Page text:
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Promise Keepers

Why do these men need to exclude women in their quest for a better world?

by MARY ALLISON BEASLEY

ust as I was beginning to think I had the male species figured out, I entered into that surreal alternate universe known as the Memphis Promise Keepers Conference last weekend at The Pyramid. Some 19,000 men wearing Jesus T-shirts and carrying Bibles in handy canvas zipper totes turn out to worship God and, as the conference brochure describes, "take a stand for truth, holiness, righteousness and Christ." Speakers' faces appear on three large video screens as they address the crowd. Soft piano music in the background contributes to the emotional mood in the cavernous arena.

Although one of the Promise Keepers' goals is racial reconciliation, the overwhelming majority of the participants pouring from the church vans into The Pyramid is white. Fathers and sons attend together along with other Promise Keepers who come from a wide range of age groups. While there are a few women volunteers passing out programs and selling retail items, young and old alike do a double take when they see me sitting in the stands.

A few hours pass before anyone musters the courage to speak to me. The man behind me asks if I am a Christian. When I say yes, he seems satisfied and turns away.

It isn't long before men of all ages, races, and backgrounds are holding hands, swaying, shouting hallelujah, crying in pain, and shouting with joy. "We love Jesus, yes we do, we love Jesus, how 'bout you?" they cheer. It is as frenzied as a middle-school pep rally, but not nearly as contrived. Their religious zeal emerges from the depths of their hearts at this rare chance for self-expression.

Bob Horner, a member of Campus Crusade for Christ and the host of the Memphis conference, takes the stage and exclaims, "How different Memphis will be because of Promise Keepers!" A burst of applause indicates the crowd's agreement. It's this kind of large-scale transformation that Promise Keepers aims to stimulate.

Promise Keepers attorney and leader of various special undertakings Pat Cloust tells the audience about the Lighthouse Project, an attempt to change the nation man by man, church by church, and city by city. A man must incorporate three elements into his home in order to make it a lighthouse, Cloust says. First he should pray for 20 homes on his street. Next he should exhibit a caring spirit toward his neighbors by lending a tool or a helping hand. Finally he should share his stories and his Christian experience with those around him.

A graphic on the video screens displays a map of the United States with points of light at each of the Promise Keepers conference locations. From those points the light spreads across the nation.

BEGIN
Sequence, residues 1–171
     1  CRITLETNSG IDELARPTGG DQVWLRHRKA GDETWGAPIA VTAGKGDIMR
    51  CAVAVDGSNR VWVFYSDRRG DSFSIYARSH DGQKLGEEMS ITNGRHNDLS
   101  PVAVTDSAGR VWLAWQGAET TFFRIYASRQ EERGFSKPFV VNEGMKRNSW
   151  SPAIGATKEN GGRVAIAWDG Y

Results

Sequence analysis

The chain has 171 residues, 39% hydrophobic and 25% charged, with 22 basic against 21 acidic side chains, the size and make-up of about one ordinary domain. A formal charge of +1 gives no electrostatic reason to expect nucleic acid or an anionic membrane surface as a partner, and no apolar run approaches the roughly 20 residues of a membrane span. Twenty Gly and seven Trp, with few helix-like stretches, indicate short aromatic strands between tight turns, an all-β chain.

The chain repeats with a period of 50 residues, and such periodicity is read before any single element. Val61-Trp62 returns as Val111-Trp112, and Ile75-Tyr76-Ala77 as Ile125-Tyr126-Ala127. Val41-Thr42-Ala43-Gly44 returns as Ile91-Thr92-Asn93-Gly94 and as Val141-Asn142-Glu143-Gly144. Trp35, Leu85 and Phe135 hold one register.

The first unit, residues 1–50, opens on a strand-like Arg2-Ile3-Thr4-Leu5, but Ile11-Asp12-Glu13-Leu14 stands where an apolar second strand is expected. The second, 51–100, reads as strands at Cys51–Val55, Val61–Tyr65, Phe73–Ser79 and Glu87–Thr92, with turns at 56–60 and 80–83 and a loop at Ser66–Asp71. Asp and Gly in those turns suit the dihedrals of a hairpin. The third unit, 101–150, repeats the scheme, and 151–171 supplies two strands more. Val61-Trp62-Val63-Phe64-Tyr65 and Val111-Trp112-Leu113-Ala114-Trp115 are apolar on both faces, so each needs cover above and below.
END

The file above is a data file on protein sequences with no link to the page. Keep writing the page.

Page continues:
Speaker Henry Blackaby, a member of the Southern Baptist Mission Board from Alpharetta, Georgia, and author of several popular Christian devotional books, encourages the men to make time to hear the voice of God, "even if you have to get up early to meet Him." He shares his own family experiences in which his daughter and son gained strength from him as the spiritual leader of the family.

"The Bible is your life," he declares. "Take time in it. Be unhurried in it."

Men scribble notes in their Promise Keepers journals, and Horner reappears on stage and screen to accentuate the points of Blackaby's speech. A flip of a page reveals a segment of one of Horner's small-group manuals, and the 19,000 spend the next 15 minutes practicing small-group participation with those around them.

Who can argue with Promise Keepers' avocation of prayer, Bible study, group discussion, and lending a helping hand? What a relief it must be for men to unleash the emotions they so often have to keep bottled within. It is amazing to watch them laugh, cry, cheer, wave their hands, stomp their feet, and express themselves in this setting.

But there is something missing. It is evident even from the opening hymn. A multitude of low voices unite in beautiful song, but the addition of soprano voices would create a balance far more rich in tone and full in effect. In the real world women, not men, wait in line for restrooms. Men and women work side by side in the classroom and in the workplace. Single moms raise a large population of the world's children. This conference is indeed surreal.

If changing the nation is Promise Keepers' ultimate goal, why not employ the help of the other half of the population? Why not encourage spiritual discipline in women as well? Perhaps a conference open to everyone would transform more families. Perhaps then such a genuine cause would have a better chance of succeeding.


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